Thursday, October 22, 2015

The Power of Habit by Charles Duhigg

Posted by Rebecca Brendel

Reviewed by: José Beltrán

What I Read: The Power of Habit: Why We Do What We Do in Life and Business by Charles Duhigg

Find It @YCLD: Here!

What It's About: The science of advertising is about how corporations want to create a habit in us to buy their products by creating cravings in us. The routine becomes a habit. Habits are the brain’s way to save effort. The automatic three step process of cue-routine-reward loop becomes automatic i.e. a habit. The habit becomes automatic. However, “habits can be ignored, changed, or replaced as needed.” “Habits never really disappear, because they are encoded into the brain. Unfortunately, the brain does not distinguish between a bad habit and a good habit. Habits are a way to protect the brain from being overwhelmed by details. The Golden Rule of habit change. Use the same cues, and get the same reward, but shift the routine, and one habit replaces another. We must first identify the cues and rewards. “The brain can be reprogrammed, just be deliberate about it.” We must have the belief that change is possible. That belief is easier within a support group. 

What I Thought: This book provides ample examples of habit-forming from real life: Alcoholics Anonymous; drug addicts; champion swimmer Michael Phelps; Paul O’Neil on creating a culture in Alcoa by finding the grit to remake workplaces through an emphasis on safety; dieting by simply keeping a food journal. Willpower (self-discipline, self-regulator skills) is the single most import keystone habit. I do not watch TV football. The author enthralled me with his exciting play by play of Major League football teams under coach Dungy. Wow! It kept me on the edge of the seat.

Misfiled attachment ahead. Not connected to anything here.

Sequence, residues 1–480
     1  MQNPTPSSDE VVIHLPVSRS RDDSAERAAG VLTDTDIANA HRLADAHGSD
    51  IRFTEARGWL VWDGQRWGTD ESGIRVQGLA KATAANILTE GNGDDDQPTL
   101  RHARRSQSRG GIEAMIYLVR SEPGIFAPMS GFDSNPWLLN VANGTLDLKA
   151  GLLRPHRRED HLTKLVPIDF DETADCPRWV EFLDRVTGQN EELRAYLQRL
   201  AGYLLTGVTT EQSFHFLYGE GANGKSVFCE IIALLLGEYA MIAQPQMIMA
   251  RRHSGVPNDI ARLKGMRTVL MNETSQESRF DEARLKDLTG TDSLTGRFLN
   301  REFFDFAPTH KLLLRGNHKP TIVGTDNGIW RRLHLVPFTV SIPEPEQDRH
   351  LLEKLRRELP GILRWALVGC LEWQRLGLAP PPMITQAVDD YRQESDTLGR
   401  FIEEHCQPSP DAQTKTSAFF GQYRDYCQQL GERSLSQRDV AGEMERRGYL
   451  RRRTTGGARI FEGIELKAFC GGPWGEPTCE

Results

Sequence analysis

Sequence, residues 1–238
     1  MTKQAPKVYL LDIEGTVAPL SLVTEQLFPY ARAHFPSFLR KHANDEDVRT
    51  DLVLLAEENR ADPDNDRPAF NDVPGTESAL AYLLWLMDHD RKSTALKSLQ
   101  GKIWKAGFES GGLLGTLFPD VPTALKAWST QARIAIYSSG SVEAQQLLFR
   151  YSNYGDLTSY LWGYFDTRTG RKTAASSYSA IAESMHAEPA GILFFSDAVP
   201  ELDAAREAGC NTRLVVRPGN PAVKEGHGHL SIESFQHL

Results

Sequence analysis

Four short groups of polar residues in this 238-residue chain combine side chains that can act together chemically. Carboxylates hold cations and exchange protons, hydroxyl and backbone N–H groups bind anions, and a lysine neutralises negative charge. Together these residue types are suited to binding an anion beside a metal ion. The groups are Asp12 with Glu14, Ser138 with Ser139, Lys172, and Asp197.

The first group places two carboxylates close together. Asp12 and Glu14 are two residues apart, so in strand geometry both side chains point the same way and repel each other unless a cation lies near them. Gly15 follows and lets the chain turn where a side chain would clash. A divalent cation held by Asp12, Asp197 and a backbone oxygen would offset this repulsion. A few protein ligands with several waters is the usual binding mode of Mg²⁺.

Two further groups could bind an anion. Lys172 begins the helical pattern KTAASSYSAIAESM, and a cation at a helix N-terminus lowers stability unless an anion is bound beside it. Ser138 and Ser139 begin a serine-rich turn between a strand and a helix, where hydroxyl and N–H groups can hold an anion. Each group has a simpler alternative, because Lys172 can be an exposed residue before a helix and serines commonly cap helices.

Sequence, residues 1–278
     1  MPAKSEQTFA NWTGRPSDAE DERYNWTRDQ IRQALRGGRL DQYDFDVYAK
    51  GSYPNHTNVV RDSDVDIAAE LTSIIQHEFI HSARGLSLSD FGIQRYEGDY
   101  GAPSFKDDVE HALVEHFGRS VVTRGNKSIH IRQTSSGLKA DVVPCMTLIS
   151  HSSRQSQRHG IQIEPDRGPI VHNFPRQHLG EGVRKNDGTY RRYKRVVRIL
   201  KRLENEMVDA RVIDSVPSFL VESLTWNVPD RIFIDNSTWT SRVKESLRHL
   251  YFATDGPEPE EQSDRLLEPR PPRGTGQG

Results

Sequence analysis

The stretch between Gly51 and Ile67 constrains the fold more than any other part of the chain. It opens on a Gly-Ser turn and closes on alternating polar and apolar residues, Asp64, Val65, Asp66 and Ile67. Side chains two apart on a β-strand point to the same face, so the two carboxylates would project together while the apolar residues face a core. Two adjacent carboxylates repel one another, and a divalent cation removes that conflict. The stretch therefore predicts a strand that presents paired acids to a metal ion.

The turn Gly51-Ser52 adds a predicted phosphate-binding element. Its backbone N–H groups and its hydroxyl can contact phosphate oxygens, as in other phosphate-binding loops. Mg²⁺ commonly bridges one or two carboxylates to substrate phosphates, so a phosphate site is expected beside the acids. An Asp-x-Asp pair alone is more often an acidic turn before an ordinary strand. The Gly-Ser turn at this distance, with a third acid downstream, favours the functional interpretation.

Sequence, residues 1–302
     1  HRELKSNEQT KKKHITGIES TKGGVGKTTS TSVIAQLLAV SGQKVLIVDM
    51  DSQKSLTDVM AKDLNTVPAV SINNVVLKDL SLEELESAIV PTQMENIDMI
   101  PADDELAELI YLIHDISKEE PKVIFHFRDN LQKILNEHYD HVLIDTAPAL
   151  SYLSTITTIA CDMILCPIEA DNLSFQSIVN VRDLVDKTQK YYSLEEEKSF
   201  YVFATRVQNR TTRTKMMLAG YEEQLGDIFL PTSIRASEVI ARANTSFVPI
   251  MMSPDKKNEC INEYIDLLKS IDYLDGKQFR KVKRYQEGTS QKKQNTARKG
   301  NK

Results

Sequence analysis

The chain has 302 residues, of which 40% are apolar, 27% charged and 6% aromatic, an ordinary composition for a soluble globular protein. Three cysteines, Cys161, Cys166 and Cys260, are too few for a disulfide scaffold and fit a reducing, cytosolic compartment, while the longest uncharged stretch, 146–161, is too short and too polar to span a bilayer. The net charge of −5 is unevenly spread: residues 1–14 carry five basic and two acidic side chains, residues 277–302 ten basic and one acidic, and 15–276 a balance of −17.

Our basal ganglia control our habits. What bad habit do you want to lose: overeating, gambling, debt, sex, drugs, hoarding, self-mutilation, smoking video game addictions, emotional dependency… Why is AA so successful? Because it attacks not the symptoms but the root of the problem, the habits that surround the vice. Is it a habit or is it an addiction? There’s nothing we can’t do if you get the habits right “like opening and closing a door, driving, or even eating." Without habits, we would be hindered in communicating, because we could not understand body language. Unthinkingly we would go through life as human robots. “However as useful as habits are a blessing they can also be a curse.” Unlike an automaton, we can make the decision and effort to change our automatic behavior as needed to reprogram ourselves. Habits create unconscious neurological cravings. Cravings, unfulfilled desires makes us angry, unhappy, mopey, frustrated, depressed, disappointed, but they do keep us motivated. What will an alcohol or cigarette addict not do for his addiction? A habit cannot simply disappear: it must be replaced!

Or look this book up on NoveList!